It is impossible to not hammer on about the fact that factory-fitted suspension is a compromise. Now I’m not going to say something vague like suspension is one of the most important components on a vehicle. A $0.20 seal in your clutch hydraulics system can result in a call to your local tow truck. Having said that, the reality is suspension would have to be right up there next to having a chassis, engine and steering wheel in terms of importance.
It holds your vehicle up. It determines the ride quality and handling characteristics. And it works harder than a one-armed swimmer to stop you and your occupants from rattling to pieces. Then there is the other side of the coin – for those believing there is a better solution out there than the one that rolled off the new vehicle production line. What should you be looking for in aftermarket suspension, and what do you need to know to keep your 4X4 in a legal and roadworthy state? Well, I’m glad you asked!
Five questions to ask your suspension guru
- How long is the warranty period?
- How much lift is safe and legal for my vehicle?
- What else should I do while the vehicle is getting work done?
- What spring rate would you recommend for my vehicle’s modifications?
- Do you have parts back-up Australia-wide?
Five common suspension mistakes
- Making purchases based on price rather than needs
- Not accurately estimating how much weight you will carry
- Wanting to lift the vehicle too high
- There is more to it than just springs and shocks
- Not getting a wheel alignment post suspension install
Gross vehicle mass
Many four-wheel drivers have overloaded their vehicles without even knowing it. Vehicle manufacturers list strict figures for the amount of weight that can be carried, as well as how much can be towed. Once you add barwork, long-range fuel tanks and camping gear, you would be amazed at how quickly you can reach and exceed your GVM. This is why suspension manufacturers, like The Ultimate Suspension and Terrain Tamer, offer GVM Upgrades.
Are GVM upgrades possible on new and old vehicles?
New, pre-registered vehicles are able to have a GVM upgrade performed and certified, and this is the case in all States of Australia. Used vehicles can have a GVM upgrade performed; however, it is a little trickier as laws do vary from State to State. You will need to consult an authorised engineer in your area first.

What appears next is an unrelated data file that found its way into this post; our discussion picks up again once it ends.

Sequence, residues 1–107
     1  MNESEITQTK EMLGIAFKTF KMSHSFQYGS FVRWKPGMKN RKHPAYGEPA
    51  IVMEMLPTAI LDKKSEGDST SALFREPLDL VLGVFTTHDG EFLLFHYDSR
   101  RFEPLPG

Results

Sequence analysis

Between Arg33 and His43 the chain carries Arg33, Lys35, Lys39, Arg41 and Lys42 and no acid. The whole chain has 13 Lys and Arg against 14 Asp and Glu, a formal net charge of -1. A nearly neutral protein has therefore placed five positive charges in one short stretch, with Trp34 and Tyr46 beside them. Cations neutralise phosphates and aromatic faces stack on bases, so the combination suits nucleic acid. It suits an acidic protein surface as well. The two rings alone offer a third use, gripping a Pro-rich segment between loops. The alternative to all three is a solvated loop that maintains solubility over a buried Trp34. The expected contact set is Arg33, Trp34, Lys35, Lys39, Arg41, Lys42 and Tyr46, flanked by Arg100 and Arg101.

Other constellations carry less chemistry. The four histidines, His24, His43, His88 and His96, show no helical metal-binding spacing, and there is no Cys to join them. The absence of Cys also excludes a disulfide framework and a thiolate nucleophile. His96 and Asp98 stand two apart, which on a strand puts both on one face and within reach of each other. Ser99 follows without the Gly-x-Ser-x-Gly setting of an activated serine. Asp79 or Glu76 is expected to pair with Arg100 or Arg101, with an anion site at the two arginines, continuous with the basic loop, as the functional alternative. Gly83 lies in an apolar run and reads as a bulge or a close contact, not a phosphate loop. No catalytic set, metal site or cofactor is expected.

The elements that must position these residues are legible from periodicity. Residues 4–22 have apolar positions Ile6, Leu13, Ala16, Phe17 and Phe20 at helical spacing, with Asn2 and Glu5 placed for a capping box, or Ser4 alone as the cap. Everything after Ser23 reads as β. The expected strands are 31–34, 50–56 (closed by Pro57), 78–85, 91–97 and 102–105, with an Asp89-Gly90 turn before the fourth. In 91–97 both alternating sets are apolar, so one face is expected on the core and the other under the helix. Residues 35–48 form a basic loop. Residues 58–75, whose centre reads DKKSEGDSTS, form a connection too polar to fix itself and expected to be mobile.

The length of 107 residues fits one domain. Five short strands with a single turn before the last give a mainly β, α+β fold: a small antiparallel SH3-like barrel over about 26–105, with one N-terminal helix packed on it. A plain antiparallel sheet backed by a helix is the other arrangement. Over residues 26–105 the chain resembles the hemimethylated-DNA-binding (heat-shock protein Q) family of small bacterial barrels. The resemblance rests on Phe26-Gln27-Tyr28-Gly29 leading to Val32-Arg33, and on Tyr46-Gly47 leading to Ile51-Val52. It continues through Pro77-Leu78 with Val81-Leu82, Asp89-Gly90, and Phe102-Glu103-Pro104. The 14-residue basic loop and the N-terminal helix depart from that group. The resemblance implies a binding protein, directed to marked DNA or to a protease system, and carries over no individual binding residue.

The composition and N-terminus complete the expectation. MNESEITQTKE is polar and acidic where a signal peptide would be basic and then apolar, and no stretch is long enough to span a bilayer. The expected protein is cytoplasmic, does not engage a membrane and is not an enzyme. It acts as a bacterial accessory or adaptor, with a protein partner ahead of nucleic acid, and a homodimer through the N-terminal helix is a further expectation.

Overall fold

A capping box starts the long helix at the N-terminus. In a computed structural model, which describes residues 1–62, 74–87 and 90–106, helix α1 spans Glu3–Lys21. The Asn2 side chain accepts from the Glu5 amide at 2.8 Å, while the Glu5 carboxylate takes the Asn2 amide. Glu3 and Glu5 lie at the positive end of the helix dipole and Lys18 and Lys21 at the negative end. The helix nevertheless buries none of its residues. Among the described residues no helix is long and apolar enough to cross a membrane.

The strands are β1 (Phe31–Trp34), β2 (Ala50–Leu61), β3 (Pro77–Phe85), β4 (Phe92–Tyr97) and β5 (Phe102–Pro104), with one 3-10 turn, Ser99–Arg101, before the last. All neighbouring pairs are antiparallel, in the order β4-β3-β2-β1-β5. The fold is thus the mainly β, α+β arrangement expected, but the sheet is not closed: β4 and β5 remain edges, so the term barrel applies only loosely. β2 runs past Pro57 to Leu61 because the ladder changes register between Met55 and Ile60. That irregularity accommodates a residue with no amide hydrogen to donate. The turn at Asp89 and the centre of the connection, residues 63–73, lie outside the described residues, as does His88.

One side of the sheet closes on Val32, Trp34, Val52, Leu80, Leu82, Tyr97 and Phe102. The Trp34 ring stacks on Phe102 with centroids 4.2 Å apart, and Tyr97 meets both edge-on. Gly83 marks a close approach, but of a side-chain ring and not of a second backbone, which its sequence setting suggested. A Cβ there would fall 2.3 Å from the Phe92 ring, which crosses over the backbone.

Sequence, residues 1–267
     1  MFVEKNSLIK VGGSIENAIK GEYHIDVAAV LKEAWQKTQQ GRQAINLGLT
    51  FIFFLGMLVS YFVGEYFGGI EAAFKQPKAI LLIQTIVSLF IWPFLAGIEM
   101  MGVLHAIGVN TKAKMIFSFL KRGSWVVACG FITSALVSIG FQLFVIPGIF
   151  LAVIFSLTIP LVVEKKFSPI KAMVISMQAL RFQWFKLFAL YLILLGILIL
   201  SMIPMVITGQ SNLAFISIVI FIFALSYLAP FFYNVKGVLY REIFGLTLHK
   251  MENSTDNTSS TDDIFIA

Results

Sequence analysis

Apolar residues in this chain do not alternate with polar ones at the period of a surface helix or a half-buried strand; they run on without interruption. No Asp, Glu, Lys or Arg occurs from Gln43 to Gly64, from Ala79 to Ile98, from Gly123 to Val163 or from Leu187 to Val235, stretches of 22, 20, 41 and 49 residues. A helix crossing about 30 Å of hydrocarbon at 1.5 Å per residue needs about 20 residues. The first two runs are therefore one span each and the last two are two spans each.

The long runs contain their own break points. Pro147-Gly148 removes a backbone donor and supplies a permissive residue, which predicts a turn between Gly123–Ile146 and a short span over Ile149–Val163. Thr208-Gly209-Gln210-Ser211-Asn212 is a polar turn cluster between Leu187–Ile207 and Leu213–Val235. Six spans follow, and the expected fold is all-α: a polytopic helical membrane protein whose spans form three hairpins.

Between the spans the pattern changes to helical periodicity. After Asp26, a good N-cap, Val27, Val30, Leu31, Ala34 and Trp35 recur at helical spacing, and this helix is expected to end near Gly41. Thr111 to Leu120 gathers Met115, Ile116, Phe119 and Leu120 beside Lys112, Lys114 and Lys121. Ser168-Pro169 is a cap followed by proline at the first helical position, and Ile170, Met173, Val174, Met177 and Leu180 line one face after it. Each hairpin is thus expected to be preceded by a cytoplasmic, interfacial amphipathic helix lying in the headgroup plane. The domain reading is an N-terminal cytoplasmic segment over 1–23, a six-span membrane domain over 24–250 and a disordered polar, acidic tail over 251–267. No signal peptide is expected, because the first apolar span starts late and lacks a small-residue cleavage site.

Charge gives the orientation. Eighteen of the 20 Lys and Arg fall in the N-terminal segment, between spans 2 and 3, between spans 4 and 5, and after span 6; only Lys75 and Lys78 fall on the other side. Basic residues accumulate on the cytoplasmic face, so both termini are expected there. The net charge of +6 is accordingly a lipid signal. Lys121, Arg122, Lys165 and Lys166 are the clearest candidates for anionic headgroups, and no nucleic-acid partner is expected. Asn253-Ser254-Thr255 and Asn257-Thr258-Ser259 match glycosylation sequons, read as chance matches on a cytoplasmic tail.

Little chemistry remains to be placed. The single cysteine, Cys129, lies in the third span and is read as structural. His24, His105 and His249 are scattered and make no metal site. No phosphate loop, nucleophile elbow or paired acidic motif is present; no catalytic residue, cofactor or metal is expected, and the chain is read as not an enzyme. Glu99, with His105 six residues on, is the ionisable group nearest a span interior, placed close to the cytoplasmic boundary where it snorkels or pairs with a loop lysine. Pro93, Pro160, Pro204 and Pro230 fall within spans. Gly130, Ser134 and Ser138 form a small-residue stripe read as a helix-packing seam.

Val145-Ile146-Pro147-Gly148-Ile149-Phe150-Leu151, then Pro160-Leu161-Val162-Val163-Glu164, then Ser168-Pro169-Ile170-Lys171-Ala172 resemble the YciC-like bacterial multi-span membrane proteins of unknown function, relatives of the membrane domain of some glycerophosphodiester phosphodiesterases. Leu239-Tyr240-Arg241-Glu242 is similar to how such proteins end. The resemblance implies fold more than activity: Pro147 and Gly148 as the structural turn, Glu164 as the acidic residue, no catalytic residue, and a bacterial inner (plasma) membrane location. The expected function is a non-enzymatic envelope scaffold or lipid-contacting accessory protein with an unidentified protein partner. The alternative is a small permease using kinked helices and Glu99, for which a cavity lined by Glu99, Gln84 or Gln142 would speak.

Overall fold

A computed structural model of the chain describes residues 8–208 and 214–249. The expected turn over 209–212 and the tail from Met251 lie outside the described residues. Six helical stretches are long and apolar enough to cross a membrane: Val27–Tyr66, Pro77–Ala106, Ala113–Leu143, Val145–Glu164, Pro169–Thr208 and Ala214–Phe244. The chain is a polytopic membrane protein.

Can any vehicle have a GVM upgrade performed?
Yes and no. Every vehicle has a GVM issued from the factory; to have the GVM increased there are a series of tests that need to be independently certified, as well as ADRs (Australian Design Rules) which need to be retested. For example, brake testing. This testing is incredibly expensive, which is why most people wouldn’t go through with it. Suspension manufacturers fund this testing when developing GVM upgrades, meaning the consumer won’t have to.
Are there different GVM regulations State by State?
Yes, absolutely. Some States are easier to gain approval than others, and some are notoriously challenging. This only applies to second-hand or pre-registered vehicles though (as mentioned). A new unregistered vehicle can have the GVM upgrade performed by us before you take delivery of it, and this will be considered roadworthy in any State of Australia. Again, consult your engineer and visit your chosen suspension expert to discuss the plan of attack before upgrading the GVM. Or speak with a company that can handle the entire process, including engineering, and drive-in-drive-out, for the ultimate in convenience.
Lifting a modern four-wheel drive legally
This had been a massive issue of contention in the past: Lifting a modern vehicle (made post-2011) that is fitted with Electronic Stability Control. Aside from lifting the suspension, fitting even slightly larger tyres was a no-go also. Well, this all seemed a little ridiculous to the Australian Automotive Aftermarket Association (AAAA for those into acronyms) who spent roughly $250,000 on testing both here and in the USA. The outcome of this testing was that it has been proven that a small increase in ride height, up to 50mm, will not impact the operation of ESC. In fact, according to the supporting document VSB14, it has now been declared that a lift of up to 50mm can be carried out under basic modification without certification.
7 reasons to keep 4×4 suspension low
- Droop or down-travel is important, lift reduces the available amount (especially with independent suspension)
- Not tipping onto your roof is a good thing (call me old-fashioned)
- Being able to access shopping centres or parking stations is nice also
- Increased wear on driveline components is the definition of a bad time
- Big lifts = poor handling without lots of expensive work and components
- Add $1,000 to your budget for every inch of lift past the first inch
- Low and wide is the new tall and scary
Suspension lift kit packages
A suspension kit or package makes a heck of a lot of sense for a touring four-wheel drive. While for some more extreme applications (think really heavy loads or those wishing to drive tougher tracks) they can be a compromise, it is wise to match components from one manufacturer that are designed to work with each other rather than against. It is the little things – like U-bolts that fit the leaf pack properly. And being supplied the correct amount of suspension bushes that (shock horror) will actually slide into the springs as they should. There is also the bigger issue of matching shock absorber valving with the specified spring rate…
These are things that purchasing a kit or suspension package from a reputable supplier should ensure. If something does go wrong with your vehicle’s suspension, it is also nice to know you only need to make one phone call to one manufacturer to chase the part/s. Simplicity is key when it comes to building a successful touring machine, after all.